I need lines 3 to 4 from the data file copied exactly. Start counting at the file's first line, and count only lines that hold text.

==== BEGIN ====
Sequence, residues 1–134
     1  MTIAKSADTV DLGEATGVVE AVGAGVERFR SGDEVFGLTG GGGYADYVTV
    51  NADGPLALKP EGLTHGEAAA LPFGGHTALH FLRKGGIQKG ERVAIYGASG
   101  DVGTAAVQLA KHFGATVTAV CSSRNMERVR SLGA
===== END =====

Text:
    51  NADGPLALKP EGLTHGEAAA LPFGGHTALH FLRKGGIQKG ERVAIYGASG
   101  DVGTAAVQLA KHFGATVTAV CSSRNMERVR SLGA